Nailed It.

Want to know how my first attempt to bake on my own went?

Upside Down Pineapple Cake - Nailed It

If I was, in fact, trying to make a giant pineapple sugar cracker. 

I got this recipe for an upside down pineapple cake from the Facebook Group, Operation: Recipe Swap.  I started the Group in order to expand this personal experiment into a community of recipe sharers and to exchange tried and true dishes with each other.  This is what people who bake and cook do, right?

I specifically requested this recipe, to prepare it for our women’s event that took place last night.  My friend Kim Furtney would be telling some of her story about living in New Zealand and this would be my attempt to culturally tie in our refreshments. New Zealanders eat pineapple!  These are the kinds of Very Important Details we plan at our women’s ministry meetings, dontchaknow.

This is the recipe I attempted courtesy of my lovely friend, Lynn, who is a brilliant baker.  This is her mom’s recipe. That means it’s TRIED and TRUE.

Upside Down Pineapple Cake

Topping:
1/2 cup butter
1/2 cup brown sugar
can of sliced pineapple, drained

Batter:
3 beaten eggs
1 1/3 cup white sugar
maraschino cherries
3/4 cup water or fruit juice
2 tsp. vanilla
2 cup flour
2 tsp. baking powder
1/2 tsp. salt

Melt butter and spread in a large baking pan. Sprinkle with brown sugar. Arrange pineapple slices over top and place cherries in the middle of the slices.
Beat eggs until light. Add sugar and beat well. Beat in juices and vanilla. Mix flour, baking powder and salt together and fold into egg mixture. Pour batter over pineapple. Bake at 350 degrees F. for about 30-35 minutes or until a toothpick inserted comes out clean of batter. Turn upside down immediately onto a plate and allow to rest 5 min. before removing pan.

*NOTE: This recipe has been amended since first posting, with double the measurements.

Here are my questions (from bolded words above) that I will be asking Lynn when she make an emergency jump ahead of the line of ORS instructors, in order to teach me how to do this right (on Tuesday):

  • What size is a “large baking pan?”
  • How important are cherries in a pineapple cake?
  • Is the 1/2 cup brown sugar the stuff that gets sprinkled into the pan or the sugar that gets mixed in with the egg?
  • What does “fold” mean?
  • How do you immediately heal a burned hand from a large baking pan?
  • What do you do when you offered to bake for an event and you realize five minutes before you leave that your pineapple upside down moist sugar cracker ain’t gonna cut it?

After posting the results of my first attempt on the Facebook Group wall, I was greatly encouraged by my friends, including Sharon Geniole, who can’t see anything wrong with it (love you, girl!), and this brilliant tip from Joy McEwen, a proficient baker and blogger:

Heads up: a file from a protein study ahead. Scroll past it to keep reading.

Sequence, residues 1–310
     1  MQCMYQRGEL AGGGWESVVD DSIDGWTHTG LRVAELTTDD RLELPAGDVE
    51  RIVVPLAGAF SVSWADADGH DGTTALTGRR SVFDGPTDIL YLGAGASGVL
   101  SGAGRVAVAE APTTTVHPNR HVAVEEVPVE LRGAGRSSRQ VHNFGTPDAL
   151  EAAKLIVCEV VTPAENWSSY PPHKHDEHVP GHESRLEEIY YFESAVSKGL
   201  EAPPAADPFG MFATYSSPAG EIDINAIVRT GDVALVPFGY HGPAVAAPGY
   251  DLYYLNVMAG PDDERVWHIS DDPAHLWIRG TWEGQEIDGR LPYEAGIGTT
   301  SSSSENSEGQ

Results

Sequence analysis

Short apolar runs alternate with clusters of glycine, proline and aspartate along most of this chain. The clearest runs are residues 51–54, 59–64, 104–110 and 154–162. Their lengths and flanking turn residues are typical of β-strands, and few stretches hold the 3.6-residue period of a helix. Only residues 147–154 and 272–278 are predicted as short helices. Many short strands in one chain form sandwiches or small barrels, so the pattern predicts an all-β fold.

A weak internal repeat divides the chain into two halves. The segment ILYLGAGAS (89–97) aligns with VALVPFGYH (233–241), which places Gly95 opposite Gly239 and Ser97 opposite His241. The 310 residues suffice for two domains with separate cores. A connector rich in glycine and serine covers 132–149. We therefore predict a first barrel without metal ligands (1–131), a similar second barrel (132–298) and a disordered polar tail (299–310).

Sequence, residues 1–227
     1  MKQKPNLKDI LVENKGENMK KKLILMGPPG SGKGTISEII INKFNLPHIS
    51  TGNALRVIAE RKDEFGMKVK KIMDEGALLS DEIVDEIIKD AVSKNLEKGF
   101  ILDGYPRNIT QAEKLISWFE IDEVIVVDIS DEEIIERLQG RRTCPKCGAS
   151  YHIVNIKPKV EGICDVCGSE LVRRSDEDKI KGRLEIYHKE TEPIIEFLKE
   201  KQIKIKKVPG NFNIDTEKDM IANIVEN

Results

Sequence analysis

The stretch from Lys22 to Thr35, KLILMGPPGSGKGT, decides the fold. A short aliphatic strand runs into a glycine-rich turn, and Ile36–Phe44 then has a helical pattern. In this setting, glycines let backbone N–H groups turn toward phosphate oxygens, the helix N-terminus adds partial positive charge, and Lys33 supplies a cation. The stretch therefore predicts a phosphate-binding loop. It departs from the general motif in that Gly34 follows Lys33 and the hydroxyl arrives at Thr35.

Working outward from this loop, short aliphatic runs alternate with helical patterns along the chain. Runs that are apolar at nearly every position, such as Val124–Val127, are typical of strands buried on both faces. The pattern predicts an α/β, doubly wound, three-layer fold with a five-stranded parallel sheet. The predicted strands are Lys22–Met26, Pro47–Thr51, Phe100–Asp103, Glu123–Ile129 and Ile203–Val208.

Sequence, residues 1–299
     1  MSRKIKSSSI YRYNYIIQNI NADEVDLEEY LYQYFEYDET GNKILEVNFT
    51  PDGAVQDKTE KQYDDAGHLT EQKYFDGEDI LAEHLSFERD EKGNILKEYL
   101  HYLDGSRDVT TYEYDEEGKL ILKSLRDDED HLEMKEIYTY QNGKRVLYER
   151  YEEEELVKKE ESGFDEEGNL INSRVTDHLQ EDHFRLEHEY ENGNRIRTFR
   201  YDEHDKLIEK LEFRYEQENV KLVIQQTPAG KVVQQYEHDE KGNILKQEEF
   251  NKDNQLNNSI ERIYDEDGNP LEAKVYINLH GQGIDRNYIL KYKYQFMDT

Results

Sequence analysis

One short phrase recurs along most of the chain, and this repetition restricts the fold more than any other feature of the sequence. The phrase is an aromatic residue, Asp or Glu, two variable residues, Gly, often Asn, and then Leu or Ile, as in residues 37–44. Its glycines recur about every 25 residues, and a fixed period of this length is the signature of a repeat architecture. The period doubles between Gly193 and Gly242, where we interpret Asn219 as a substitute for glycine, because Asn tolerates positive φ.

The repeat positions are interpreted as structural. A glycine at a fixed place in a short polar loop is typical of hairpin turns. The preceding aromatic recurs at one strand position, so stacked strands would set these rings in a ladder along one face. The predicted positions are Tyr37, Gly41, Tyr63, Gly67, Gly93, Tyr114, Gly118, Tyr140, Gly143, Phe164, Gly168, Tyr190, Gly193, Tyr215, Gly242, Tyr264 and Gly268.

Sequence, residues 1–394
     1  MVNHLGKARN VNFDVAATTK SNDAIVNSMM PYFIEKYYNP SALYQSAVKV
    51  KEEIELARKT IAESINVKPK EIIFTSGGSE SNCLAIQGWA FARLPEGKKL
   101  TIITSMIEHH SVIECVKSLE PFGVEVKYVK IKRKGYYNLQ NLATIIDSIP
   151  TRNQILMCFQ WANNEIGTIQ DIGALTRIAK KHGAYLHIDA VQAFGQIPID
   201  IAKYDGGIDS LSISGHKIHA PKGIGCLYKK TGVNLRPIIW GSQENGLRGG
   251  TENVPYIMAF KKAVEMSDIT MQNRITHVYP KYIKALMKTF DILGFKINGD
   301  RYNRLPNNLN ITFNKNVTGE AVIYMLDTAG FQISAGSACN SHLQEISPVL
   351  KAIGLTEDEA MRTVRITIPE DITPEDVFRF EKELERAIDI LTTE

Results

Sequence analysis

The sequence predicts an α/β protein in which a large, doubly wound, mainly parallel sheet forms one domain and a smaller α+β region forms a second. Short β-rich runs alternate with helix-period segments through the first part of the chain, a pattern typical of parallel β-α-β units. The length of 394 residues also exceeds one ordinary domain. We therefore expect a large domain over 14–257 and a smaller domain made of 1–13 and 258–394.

I’ve had cake fails often (cakes not coming out of the pan, or coming out in multiple pieces!)…If it happens again, rip up the cake, layer it with pudding and whipped cream and fruit (although something like this would already have fruit in it)- and you have instant trifle. I’ve even ripped up the cake and put it in a ziploc and saved it in the freezer for a few weeks later:) This has saved me a few times!

I have yet to cook/bake fully on my own merits… but with support like that I feel like I’m part of the community of those who do. I’m in! Nailed it!


Just for perspective, here’s a cake Joy made.

Joy's Cake

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5 thoughts on “Nailed It.

  1. Thanks for the kudos, Loreli. But honestly, I too have had my flop outs. One other thing I do is never try a new recipe for a crowd….I always test it on my family first;) Even with pineapple upside down cake, there was one time I took it out of the pan too soon and it kind of flattened and spread…it can be a tricky one to get just right as to when to take it out of the pan. In fact, I often leave it in for just a few minutes, or sometimes it does flatten.

    The other trick with baking is just getting to know your oven. Not all ovens are equal. Some run hot (electric usually) and some run cooler (usually gas). I know that mine usually runs a little cooler so I can leave stuff a little longer, but the more you bake the more you get a feel for it. Good effort…and keep at it! I can bake and cook but I have a sewing machine I’ve been staring at for two years because I have this block from seventh grade home ec, that anything I try to sew will be a disaster- so we all have things we need to push ourselves to try:) Maybe I’ll get that thing out one of these days. Thanks for the encouragement!

  2. My cakes still end as flops from time to time (Although yours would be easily salvageable if put on a bigger platter- no one would notice the small seam where it cracked). Baking is truly science, and if you mess with it, it will mess with you! Keep at it!

  3. Pingback: Back to the Future with Pineapple Upside Down Cake | Based on a True Story

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